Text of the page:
We would in all likelihood have to remove the Hollow Ones from the deck to make room for the additional lands as well as the Trophy Mages themselves. I’m sure this gives the deck some additional consistency, seeing as you have more ways to find copies of Gate to the Afterlife early on, but it greatly decreases the amount of hits you have for Glint-Nest Crane from fifteen to only ten. While you can mitigate the damage that Glint-Nest Crane might cause by missing more frequently in this version by simply discarding it to Cathartic Reunion, Insolent Neonate, or Champion of Wits, the 1/3 blocker is exceedingly relevant against decks like Ramunap Red and it still deserves a slot.

Back to the original list and some potential problems the deck might have, we come to the sideboard. I’ve yet to completely configure a sideboard plan against even the most popular decks. With a lot of Standard being all about picking and choosing what sideboard configuration you like the best, this Standard format has more cards in it than we’re used to making it all the more difficult.

Currently these are the cards available to this deck I’ve found most effective in post-sideboard games. Another question that people often ask is how you beat sideboard cards like Crook of Condemnation, Dispossess, and Scavenger Grounds or more common maindeck cards such as Abrade. While those cards can pose an issue for the deck at certain points of the game, I’ve beaten every possible hate card in the format all the way down to The Scarab God thanks to the sideboard.

Much like various control decks in the format, having a semi-transformational sideboard can go a long way against a player getting tunnel vision and only gunning for your Plan A of God-Pharaoh’s Gift. Traditionally a card like Kalitas, Traitor of Ghet is a big issue if your opponent gets that down before you can get your God-Pharaoh’s Gift active. However, an easy fix to that is having cards that prey upon Chandra, Torch of Defiance and Glorybringer, turning their haymaker in the matchup into a card you’re able to easily throw by the wayside, gaining huge amounts of tempo.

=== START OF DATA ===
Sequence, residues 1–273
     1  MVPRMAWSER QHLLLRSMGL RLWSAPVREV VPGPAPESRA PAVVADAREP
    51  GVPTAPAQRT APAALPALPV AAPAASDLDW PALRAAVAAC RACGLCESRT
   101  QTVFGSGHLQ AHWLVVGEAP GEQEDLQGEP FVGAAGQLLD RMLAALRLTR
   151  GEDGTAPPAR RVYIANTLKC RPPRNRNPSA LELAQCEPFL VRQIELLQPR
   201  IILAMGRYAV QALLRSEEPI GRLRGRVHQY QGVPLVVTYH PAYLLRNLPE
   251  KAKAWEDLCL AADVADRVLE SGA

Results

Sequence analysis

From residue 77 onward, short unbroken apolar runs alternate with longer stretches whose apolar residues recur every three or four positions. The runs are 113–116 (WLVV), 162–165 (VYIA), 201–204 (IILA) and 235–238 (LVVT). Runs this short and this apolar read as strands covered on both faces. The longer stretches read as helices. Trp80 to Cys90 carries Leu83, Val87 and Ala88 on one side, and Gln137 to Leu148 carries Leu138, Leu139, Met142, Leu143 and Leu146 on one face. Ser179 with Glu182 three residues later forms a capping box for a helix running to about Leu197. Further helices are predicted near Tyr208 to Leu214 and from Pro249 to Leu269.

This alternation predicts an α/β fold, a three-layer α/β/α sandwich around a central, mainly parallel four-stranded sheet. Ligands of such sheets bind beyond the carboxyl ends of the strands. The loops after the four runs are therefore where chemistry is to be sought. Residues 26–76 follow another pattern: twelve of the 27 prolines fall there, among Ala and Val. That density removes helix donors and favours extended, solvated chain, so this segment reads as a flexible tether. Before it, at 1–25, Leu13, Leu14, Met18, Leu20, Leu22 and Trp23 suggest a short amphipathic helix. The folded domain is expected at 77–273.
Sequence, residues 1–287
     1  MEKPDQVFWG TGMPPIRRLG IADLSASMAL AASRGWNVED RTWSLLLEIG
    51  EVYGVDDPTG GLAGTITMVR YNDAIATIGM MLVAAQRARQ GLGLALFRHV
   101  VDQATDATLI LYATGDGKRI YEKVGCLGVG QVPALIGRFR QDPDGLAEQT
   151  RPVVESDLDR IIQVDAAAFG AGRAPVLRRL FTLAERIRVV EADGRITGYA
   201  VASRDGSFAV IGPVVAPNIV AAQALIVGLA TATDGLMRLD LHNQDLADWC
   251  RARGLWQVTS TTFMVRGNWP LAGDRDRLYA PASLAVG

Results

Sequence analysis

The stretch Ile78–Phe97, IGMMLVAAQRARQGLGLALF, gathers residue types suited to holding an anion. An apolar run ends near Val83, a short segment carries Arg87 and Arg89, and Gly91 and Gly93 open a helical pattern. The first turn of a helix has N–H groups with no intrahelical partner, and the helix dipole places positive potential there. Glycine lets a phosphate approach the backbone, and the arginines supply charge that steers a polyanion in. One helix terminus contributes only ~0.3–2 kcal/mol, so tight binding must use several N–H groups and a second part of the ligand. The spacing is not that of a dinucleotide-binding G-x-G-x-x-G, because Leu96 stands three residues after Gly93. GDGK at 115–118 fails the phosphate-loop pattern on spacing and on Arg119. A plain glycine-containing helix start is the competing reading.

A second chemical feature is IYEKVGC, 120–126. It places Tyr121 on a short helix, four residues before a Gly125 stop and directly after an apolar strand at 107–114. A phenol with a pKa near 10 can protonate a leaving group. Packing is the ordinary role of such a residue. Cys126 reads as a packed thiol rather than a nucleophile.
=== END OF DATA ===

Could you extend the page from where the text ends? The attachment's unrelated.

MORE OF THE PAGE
Cards like Chaos Maw and Chandra’s Defeat are very helpful against Ramunap Red since, while they don’t have great answers to a 6/6 flying, lifelink, haste, vigilance Angel of Invention, it can be difficult if you don’t get your God-Pharaoh’s Gift online quickly or if they Abrade it. Chandra’s Defeat also has dual applications against the Temur Energy decks that have returned in popularity as of late, killing both Chandra, Torch of Defiance and Glorybringer for only a single mana.

I’m not sure Negate entirely belongs; it feels more like a necessary evil than anything else. What I mean when I say that is while Negate can be your best card against a deck such as U/R Control or the U/W Approach deck, the U/R God-Pharaoh’s Gift deck wants to tap out at almost every turn, leaving you little opportunity to hold open two mana. It’s not a card I’m looking to replace in the sideboard, but it’s one I’m not thrilled about.

I’ve heard arguments for some number of copies of Dispel to fight counter wars against control, but the upside of being able to stop Hour of Promise, Refurbish and even Hour of Devastation in certain situations is too much of an upside. While Negate does have a lot of implications and offers a layer of protection to the deck against some of the powerful noncreature spells running around at the moment, getting too clogged up with Negates can leave you not executing your gameplan in a timely manner, causing more harm than good.